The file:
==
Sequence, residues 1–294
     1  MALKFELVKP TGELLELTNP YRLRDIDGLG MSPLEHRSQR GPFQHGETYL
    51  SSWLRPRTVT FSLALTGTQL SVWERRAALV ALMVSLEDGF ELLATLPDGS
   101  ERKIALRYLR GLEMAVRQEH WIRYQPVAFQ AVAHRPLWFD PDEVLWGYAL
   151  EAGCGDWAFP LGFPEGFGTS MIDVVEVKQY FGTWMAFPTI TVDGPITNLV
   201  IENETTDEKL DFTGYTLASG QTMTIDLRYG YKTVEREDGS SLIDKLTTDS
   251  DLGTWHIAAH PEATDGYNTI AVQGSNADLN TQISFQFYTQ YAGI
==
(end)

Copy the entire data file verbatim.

Sequence, residues 1–294
     1  MALKFELVKP TGELLELTNP YRLRDIDGLG MSPLEHRSQR GPFQHGETYL
    51  SSWLRPRTVT FSLALTGTQL SVWERRAALV ALMVSLEDGF ELLATLPDGS
   101  ERKIALRYLR GLEMAVRQEH WIRYQPVAFQ AVAHRPLWFD PDEVLWGYAL
   151  EAGCGDWAFP LGFPEGFGTS MIDVVEVKQY FGTWMAFPTI TVDGPITNLV
   201  IENETTDEKL DFTGYTLASG QTMTIDLRYG YKTVEREDGS SLIDKLTTDS
   251  DLGTWHIAAH PEATDGYNTI AVQGSNADLN TQISFQFYTQ YAGI